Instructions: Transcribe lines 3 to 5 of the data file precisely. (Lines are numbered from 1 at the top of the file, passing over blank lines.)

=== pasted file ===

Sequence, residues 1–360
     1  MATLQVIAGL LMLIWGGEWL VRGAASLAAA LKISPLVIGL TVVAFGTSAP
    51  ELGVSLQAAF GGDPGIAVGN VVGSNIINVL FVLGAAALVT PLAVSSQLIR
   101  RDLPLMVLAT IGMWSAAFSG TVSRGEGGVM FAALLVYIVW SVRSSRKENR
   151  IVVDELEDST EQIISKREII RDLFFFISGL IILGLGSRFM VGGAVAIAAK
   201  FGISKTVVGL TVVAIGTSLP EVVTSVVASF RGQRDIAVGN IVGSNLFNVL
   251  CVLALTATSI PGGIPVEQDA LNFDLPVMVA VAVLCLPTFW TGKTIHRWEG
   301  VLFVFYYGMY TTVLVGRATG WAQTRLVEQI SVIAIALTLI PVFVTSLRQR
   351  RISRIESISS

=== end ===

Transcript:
    51  ELGVSLQAAF GGDPGIAVGN VVGSNIINVL FVLGAAALVT PLAVSSQLIR
   101  RDLPLMVLAT IGMWSAAFSG TVSRGEGGVM FAALLVYIVW SVRSSRKENR
   151  IVVDELEDST EQIISKREII RDLFFFISGL IILGLGSRFM VGGAVAIAAK